Service level reductions have been proposed for GOVA Transit affecting service after 11 p.m. and a few seldom-used routes, for a total net cost savings of almost $1 million per year.
Conventional GOVA Transit service currently operates seven days per week, between 6 a.m. and 12 a.m., with all final trips departing the Downtown Transit Hub by midnight.
The proposed service level reduction would have the final bus depart downtown at 11 p.m. for an annual net cost savings of $736,000 when fully implemented. Approximately 80 people daily would be affected by this change (the city’s average system-wide ridership after 11 p.m.), and the change would reduce service by 10,800 transit hours annually.
The current total daily ridership for conventional transit is 14,000 passengers between Monday and Friday, and approximately 9,000 and 7,000 riders on Saturday and Sunday, respectively. The current service level includes 174,000 annual transit hours.
This proposed service level reduction to 11 p.m. is included alongside several business cases city administration tabled this week for city council consideration.
Although the business cases are on the Nov. 8 city council agenda, the only decision the current batch of elected officials is expected to make is whether they want the business cases forwarded to the new city council for consideration during next year’s budget deliberations.
“Where a business case has a tax levy impact, reviewing them now provides an opportunity for identifying other budget adjustments that could help offset such an impact,” a report by city administration clarifies.
“Anticipating such adjustments now, or over the next few months, provides committee members and staff with some time to analyze the adjustment and prepare appropriate budget amendment motions for consideration in February.”
Other proposed service level reductions to GOVA Transit include:
- Eliminate Route 22 and Route 23 for an annual net savings of $87,000. The two routes are intertwined using the same bus.
- Route 22 (Grandview Local) from the New Sudbury Shopping Centre via Lasalle, is a neighbourhood route that provides service north of Lasalle across Grandview, Woodbine, Holland and Roy. Weekday service is four trips per day, every two hours, from 8:35 a.m. to the last trip leaving the centre at 2:25 p.m. Weekend service adds two trips to 6:05 p.m. The average weekday daily ridership is three and the average weekend daily ridership is 10.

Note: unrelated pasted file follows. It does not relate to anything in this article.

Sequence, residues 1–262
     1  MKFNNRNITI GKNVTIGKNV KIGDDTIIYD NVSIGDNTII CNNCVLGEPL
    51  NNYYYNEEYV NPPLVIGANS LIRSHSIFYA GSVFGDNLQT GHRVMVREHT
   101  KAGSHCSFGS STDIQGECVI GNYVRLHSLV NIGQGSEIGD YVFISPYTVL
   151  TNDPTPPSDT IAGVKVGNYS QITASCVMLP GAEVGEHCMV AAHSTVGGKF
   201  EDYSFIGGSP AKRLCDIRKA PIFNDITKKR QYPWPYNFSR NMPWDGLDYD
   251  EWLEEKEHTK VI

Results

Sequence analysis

- Route 23 (New Sudbury Local) from the New Sudbury Shopping Centre via Lasalle and Falconbridge, is a neighbourhood route that provides service south of Lasalle across Westmount, Beatrice and Hawthorne. Weekday service is four trips per day, every two hours, from 9:35 a.m. to the last trip departing the centre at 3:35 p.m. Weekend service adds one trip to 6:05 p.m. Its average weekday daily ridership is 17 and the average weekend daily ridership is 40.
- Reducing transit service hours for the Downtown Transit Kiosk and Downtown Transit Hub would save the city approximately $76,000 per year when fully implemented in 2024. The Downtown Transit Kiosk, which is currently open for 12 hours per day beginning at 7:45 a.m. Monday to Friday and from 9 a.m. to 4 p.m. on weekends, would be open for eight hours per day Monday to Saturday. The Downtown Transit Hub, which is currently open from 6 a.m. to 12 a.m., would close at 10 p.m.
- Eliminate Route 4, which would affect the Laurentian University and Health Sciences North area. This route services LU via Elgin, Paris and through Health Sciences North with six trips in the morning from 7:15 a.m. and 9:45 a.m., and nine trips in the afternoon between 1:45 p.m. and 5:45 p.m. The route operates seven months of the year, and is eliminated between April and September. The current average daily ridership is 225, which the city anticipates shifting to the similar Route 3.
Although these service-level reductions align with goals outlined in some city planning documents, administration cautions the elimination and reduction of routes does not align with Goal 7 of the Community Energy and Emissions Plan, which is to “enhance transit service to increase transit mode share to 25 per cent by 2050.”
The GOVA Transit service level changes join a handful of other reductions and operational changes proposed by city administration, which total a net savings of approximately $1.35 million in 2023 and almost $2 million in 2024.
The service level cuts are part of an ongoing effort to meet city council’s desired 2023 tax increase of 3.7 per cent, in keeping with the city’s long-term financial plan (which assumes an assessment growth of one per cent).
To achieve this goal, city administration has been tasked with cutting $17.7 million in operational expenses.
Working against this goal will be $7.78 million in business cases for service level increases tabled by city council and administration whose validity will also be considered during the Nov. 8 city council meeting.
The Nov. 8 city council meeting will begin at 6 p.m. and can be attended in-person at Tom Davies Square or accessed via livestream by clicking here. The meeting’s full agenda and its associated reports can be found by clicking here.
Tyler Clarke covers city hall and political affairs for Sudbury.com.